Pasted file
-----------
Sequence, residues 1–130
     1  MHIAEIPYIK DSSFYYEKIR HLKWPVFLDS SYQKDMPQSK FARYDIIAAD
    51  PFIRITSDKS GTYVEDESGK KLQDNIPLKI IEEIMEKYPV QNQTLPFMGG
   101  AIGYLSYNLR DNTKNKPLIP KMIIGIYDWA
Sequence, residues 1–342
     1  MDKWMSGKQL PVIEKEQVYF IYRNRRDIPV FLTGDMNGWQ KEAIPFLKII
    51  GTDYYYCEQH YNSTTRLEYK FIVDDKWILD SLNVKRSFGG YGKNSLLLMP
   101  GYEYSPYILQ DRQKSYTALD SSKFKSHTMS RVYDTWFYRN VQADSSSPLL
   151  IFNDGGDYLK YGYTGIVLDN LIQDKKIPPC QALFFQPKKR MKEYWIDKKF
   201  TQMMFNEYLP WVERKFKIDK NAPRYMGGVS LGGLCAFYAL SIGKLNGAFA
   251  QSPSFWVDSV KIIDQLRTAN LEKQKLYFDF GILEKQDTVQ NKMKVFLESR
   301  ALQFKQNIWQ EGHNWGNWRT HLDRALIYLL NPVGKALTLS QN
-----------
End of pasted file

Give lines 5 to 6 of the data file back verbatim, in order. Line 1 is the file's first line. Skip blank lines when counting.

Sequence, residues 1–342
     1  MDKWMSGKQL PVIEKEQVYF IYRNRRDIPV FLTGDMNGWQ KEAIPFLKII